At 18 months old, babies have begun to make conscious delineations between sentient beings and inanimate objects. But as robots get more and more advanced, those decisions may become harder to make. What causes a baby to decide a robot is more than bits of metal? As it turns out, it takes more than humanoid looks–babies rely on social interaction to make that call.
A study at the University of Washington’s Institute for Learning and Brain Sciences took a sample of 64 18-month-old babies, who were all tested individually. The experimental test had the babies sit on their parents’ laps, facing a remote-controlled humanoid robot. Sitting next to the robot was Rechele Brooks, one of the researchers on the study. Brooks and the robot (controlled remotely by an unseen researcher) would then engage in a 90-second skit, in which Brooks interacted with the robot as if it was a child, asking questions like “Where is your tummy?” and “Where is your head?” The robot would in turn point to its different parts. The robot would also imitate a few arm movements, like waving back and forth.
The babies who watched this skit looked back and forth between the robot and Brooks as if “at a ping-pong match,” said Brooks. After the skit, Brooks left the room, leaving the baby and the robot alone (well, along with the baby’s parent–this probably isn’t a punching or stabbing robot, but there’s no harm in being extra safe). The robot would then beep and shift slightly to get the baby’s attention, and then turn to look at a nearby toy.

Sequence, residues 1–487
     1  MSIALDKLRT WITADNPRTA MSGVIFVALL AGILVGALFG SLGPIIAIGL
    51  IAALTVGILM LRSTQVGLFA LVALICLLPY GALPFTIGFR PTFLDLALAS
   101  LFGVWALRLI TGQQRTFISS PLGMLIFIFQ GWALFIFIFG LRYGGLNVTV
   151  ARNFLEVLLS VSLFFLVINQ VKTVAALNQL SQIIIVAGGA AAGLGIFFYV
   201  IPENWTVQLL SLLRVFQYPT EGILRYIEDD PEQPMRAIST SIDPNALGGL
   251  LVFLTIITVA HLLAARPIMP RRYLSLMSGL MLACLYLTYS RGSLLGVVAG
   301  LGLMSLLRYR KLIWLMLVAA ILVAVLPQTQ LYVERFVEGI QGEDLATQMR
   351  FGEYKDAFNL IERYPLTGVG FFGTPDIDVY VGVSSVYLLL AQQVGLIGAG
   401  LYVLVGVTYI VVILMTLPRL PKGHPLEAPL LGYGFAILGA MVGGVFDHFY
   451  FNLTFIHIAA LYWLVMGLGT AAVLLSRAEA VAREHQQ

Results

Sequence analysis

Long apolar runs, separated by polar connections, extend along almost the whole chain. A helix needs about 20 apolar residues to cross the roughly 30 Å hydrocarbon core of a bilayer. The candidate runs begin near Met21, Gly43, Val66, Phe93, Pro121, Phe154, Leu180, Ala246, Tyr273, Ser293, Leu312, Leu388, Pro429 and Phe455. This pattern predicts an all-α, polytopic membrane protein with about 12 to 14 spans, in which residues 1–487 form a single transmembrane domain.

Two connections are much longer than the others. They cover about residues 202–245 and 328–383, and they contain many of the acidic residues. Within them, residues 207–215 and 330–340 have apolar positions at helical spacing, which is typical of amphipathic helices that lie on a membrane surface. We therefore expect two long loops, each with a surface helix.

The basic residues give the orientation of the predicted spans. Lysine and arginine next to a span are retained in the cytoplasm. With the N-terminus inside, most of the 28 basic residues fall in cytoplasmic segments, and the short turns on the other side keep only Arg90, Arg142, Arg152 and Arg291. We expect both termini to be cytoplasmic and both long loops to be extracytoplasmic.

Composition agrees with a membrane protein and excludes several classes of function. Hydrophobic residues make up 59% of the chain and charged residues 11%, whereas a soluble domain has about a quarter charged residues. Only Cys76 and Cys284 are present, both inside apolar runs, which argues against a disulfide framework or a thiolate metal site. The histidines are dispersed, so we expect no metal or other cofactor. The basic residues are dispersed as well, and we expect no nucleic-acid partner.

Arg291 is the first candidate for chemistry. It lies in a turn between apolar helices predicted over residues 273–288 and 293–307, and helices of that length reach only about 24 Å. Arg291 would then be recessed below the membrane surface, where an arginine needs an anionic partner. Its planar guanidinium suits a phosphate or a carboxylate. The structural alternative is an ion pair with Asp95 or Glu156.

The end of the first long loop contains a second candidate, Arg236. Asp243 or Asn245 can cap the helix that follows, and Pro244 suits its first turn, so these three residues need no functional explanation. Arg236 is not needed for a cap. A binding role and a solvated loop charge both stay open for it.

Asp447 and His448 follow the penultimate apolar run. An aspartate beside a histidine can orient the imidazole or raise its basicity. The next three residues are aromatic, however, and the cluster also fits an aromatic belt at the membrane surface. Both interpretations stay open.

In 13 out of 16 cases, the baby would follow the robot’s gaze, suggesting that the baby sees the robot as a sentient being, that what the robot looks at might be of interest to the baby as well. Babies at that age distinguish between, say, a swivel chair’s movement and a person’s movement, and will only follow the person. But in following the robot, the study suggests that the baby has decided that robot is a human being.
The control experiment is very similar, except the 90-second skit is omitted. The baby is familiarized with the robot, but does not see it interact with a third party. In this situation, the baby only followed the robot’s line of sight in three out of 16 instances, which is a big enough difference to suggest that socialization plays a major part in the baby’s decision to treat a robot like a being.
It’s a really interesting idea: What makes a baby decide that something is a being is not necessarily that thing’s visual similarity to a person. Appearance isn’t everything–babies recognize the ability to interact socially as a human trait. From the mouths of babes, sort of.